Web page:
Posted, July 30, 1998

Women's Empowerment Movements

1 Timothy 5

Though it is totally contrary to the fallen nature that is in so much control today, the glory and honour of the woman is to be content in the place God has given her in his order of things. Her business is not to be out and about, but to be keepers at home. On the other hand, the glory and honour of the man is to be out and about the Master's business, expanding the Kingdom of God into every corner of the world. Sadly, the effects of sin in men have forced, many times, godly women to move into grievously dangerous areas in order to support themselves.

Every area of modern society, including the church more often than not, is violently militating against God's word that the woman was made for the man. (1 Cor. 11:8, 9. However, both are on equal footing before the Lord, vv. 10-12.)

Paul gives Timothy important instructions concerning how the minister must treat women for whom he is responsible--as mothers and sisters. Ministers should have the same kind of loving concern for them as he does toward his family members.

Vv. 3, 4, widows -- Paul defines who is a widow worthy of church support. This seemed to be a special class of people within the church, having special jobs. In addition, Titus 2:3 lists the duty of widows in the church. The widow indeed in 1 Timothy 5:3, 4, could have been one who had no children, childless (v. 10). Though nothing is said in Timothy, the widow in Titus 2 is responsible to teach younger women how to love their children. The responsibilities of the widows indeed in Timothy are to trust in God, and continue in supplications and prayer night and day. (See Anna, a prophetess, Lk. 2:36ff.) But the responsibilities of the widows as presented in Titus are more involved.

Titus 2, the widow is to teach the younger women, 1) to be sober, serious, 2) to love their husbands, 3) to love their children, 4) to be discreet, and 5) to be chaste, keepers at home, good, obedient to their own husbands that the word of God be not blasphemed.

Thus we see that a Christian woman who does not do this blasphemes the word of God; they lead onlookers to say that Christianity does not work; it is of none effect, &c.

Notice that Paul's instructions are as opposed to modern thought as anything can possibly be. Women have started a group to work with women, as "Promise Keepers" works with men. I heard a woman state that the "female Promise Keepers" movement is not about being in subjection to their husbands (as promoted by the Southern Baptist), but it was about empowering women. Such an idea is totally contrary to what is clearly spelled out in the word of God, but it obviously appeals to the fallen nature.

Concerning Titus 2:1, Matthew Henry (1662-1714, Online Bible, v. 7.06) comments:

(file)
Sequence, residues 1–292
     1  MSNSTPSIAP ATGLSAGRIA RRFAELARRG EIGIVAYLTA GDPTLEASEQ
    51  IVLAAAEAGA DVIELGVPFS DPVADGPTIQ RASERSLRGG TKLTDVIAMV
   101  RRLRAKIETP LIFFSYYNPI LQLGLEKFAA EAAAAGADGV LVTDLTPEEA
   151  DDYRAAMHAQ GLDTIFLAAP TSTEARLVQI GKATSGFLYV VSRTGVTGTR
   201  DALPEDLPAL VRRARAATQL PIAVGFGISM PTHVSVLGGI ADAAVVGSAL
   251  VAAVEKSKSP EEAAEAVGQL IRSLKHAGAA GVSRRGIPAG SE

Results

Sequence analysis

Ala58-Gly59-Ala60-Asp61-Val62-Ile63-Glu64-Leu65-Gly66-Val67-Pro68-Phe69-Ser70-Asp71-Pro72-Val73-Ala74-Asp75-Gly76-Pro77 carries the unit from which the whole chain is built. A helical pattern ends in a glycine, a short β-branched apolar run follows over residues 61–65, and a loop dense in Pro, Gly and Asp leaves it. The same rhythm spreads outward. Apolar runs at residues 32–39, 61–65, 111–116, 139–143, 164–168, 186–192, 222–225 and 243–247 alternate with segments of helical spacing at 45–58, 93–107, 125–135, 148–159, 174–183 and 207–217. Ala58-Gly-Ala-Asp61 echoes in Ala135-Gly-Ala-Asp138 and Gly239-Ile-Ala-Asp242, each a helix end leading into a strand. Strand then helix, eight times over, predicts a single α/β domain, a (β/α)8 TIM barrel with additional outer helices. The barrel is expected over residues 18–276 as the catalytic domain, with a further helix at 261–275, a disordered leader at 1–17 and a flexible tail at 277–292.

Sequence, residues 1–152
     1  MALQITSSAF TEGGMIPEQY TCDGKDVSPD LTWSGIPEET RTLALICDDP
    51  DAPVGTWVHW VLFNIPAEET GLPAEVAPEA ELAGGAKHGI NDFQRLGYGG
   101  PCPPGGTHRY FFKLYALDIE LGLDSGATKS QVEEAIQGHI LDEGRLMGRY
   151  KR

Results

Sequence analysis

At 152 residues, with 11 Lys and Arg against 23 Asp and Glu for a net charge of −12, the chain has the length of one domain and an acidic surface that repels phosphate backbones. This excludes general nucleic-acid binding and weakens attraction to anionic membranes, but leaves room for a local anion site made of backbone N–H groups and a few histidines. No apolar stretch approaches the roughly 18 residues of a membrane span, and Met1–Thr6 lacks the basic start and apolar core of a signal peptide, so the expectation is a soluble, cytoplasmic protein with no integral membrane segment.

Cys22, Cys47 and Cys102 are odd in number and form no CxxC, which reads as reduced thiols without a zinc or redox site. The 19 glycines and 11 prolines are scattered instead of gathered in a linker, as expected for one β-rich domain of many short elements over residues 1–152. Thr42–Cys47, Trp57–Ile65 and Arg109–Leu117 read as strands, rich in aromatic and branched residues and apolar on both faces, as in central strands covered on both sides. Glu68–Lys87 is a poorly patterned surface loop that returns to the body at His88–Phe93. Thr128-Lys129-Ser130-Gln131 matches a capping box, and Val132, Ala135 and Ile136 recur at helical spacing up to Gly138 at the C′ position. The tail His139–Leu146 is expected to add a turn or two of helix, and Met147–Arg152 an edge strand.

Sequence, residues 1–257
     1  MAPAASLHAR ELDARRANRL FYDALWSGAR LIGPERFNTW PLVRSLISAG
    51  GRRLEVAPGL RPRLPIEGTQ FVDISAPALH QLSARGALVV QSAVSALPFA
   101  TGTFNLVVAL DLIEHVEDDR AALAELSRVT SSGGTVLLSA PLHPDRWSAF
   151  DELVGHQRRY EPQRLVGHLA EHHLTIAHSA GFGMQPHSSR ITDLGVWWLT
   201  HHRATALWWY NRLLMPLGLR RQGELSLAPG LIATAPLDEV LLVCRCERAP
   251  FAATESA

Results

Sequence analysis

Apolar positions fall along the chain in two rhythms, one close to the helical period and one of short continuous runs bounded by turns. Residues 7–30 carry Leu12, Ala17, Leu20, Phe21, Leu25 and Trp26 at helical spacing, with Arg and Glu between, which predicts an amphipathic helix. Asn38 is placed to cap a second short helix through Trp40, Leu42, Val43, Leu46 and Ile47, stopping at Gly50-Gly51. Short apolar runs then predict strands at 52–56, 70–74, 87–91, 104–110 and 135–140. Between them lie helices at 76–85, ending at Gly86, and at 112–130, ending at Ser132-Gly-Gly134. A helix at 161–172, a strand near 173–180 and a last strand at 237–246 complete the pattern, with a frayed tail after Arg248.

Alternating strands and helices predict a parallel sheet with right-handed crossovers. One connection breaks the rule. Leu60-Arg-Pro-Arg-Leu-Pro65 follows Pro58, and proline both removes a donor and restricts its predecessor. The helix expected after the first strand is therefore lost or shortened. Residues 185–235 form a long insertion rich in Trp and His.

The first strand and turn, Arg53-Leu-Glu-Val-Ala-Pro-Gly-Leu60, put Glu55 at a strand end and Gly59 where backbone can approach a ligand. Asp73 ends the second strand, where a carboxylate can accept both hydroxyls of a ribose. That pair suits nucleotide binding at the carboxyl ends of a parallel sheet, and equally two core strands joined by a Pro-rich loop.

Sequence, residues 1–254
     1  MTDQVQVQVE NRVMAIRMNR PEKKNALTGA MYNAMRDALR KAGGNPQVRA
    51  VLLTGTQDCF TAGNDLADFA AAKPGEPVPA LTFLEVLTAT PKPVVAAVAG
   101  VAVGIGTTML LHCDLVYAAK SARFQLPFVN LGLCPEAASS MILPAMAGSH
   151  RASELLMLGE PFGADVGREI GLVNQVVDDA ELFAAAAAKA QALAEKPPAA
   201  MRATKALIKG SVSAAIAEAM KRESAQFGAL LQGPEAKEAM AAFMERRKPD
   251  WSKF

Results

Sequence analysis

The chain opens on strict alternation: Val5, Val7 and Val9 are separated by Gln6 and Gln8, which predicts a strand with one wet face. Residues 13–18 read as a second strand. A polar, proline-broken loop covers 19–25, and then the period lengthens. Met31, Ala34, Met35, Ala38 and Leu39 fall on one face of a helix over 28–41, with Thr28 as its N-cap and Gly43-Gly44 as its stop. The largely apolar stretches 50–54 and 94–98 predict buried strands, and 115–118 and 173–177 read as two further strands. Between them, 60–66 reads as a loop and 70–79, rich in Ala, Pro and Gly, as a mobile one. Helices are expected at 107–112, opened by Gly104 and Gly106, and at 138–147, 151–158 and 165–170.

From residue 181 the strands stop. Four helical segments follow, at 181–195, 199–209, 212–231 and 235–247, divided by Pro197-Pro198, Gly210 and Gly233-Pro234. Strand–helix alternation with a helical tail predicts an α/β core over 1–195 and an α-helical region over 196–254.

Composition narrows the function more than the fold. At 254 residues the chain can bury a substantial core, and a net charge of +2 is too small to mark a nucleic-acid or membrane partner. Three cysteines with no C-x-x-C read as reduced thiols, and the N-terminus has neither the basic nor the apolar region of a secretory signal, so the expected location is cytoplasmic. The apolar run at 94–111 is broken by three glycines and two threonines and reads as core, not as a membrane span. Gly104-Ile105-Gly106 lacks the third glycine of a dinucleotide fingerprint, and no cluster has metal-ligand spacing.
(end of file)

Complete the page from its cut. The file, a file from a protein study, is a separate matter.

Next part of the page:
2. To the aged women. These also must be instructed and warned. Some by these aged women understand the deaconesses, who were mostly employed in looking after the poor and attending the sick; but it is rather to be taken (as we render it) of all aged women professing religion. They must be in behaviour as becometh holiness: both men and women must accommodate their behaviour to their profession. Those virtues before mentioned (sobriety, gravity, temperance, soundness in the faith, charity, and patience), recommended to aged men, are not proper to them only, but applicable to both sexes, and to be looked to by aged women as well as men. Women are to hear and learn their duty from the word, as well as the men: there is not one way of salvation for one sex or sort, and another for another; but both must learn and practise the same things, both as aged and as Christians; the virtues and duties are common. That the aged women likewise (as well as the men) be in behaviour as becometh holiness; or as beseems and is proper for holy persons, such as they profess to be and should be, keeping a pious decency and decorum in clothing and gesture, in looks and speech, and all their deportment, and this from an inward principle and habit of holiness, influencing and ordering the outward conduct at all times. Observe, Though express scripture do not occur, or be not brought, for every word, or look, or fashion in particular, yet general rules there are according to which all must be ordered; as#1Co 10:31, Whatever you do, do all to the glory of God. And#Php 4:8, Whatsoever things are true, whatsoever things are honest, whatsoever things are just, whatsoever things are pure, whatsoever things are lovely, whatsoever things are of good report, if there be any virtue, and if there be any praise, think on these things. And here, whatsoever things are beseeming or unbeseeming holiness form a measure and rule of conduct to be looked to. Not false accusers -[Greek word], no calumniators or sowers of discord, slandering and backbiting their neighbours, a great and too common fault; not only loving to speak, but to speak ill, of people, and to separate very friends. A slanderer is one whose tongue is set on fire of hell; so much, and so directly, do these do the devil's work, that for it the devil's name is given to such. This is a sin contrary to the great duties of love, justice, and equity between one another; it springs often from malice and hatred, or envy, and such like evil causes, to be shunned as well as the effect. Not given to much wine; the word denotes such addictions thereto as to be under the power and mastery of it. This is unseemly and evil in any, but especially in this sex and age, and was too much to be found among the Greeks of that time and place. How immodest and shameful, corrupting and destroying purity both of body and mind! Of what evil example and tendency, unfitting for the thing, which is a positive duty of aged matrons, namely, to be teachers of good things! Not public preachers, that is forbidden(#1Co 14:34, I permit not a woman to speak in the church), but otherwise teach they may and should, that is, by example and good life. Hence observe, Those whose actions and behaviour become holiness are thereby teachers of good things; and, besides this, they may and should also teach by doctrinal instruction at home, and in a private way. The words of king Lemuel, the prophecy his mother taught him. Such a woman is praised, She openeth her mouth with wisdom, and in her tongue is the law of kindness, #Pr 31:1,26. Teachers of good things are opposed to teachers of things corrupt, or to what is trifling and vain, of no good use or tendency, old wives' fables or superstitious sayings and observances; in opposition to these, their business is, and they may be called on to it, to be teachers of good things.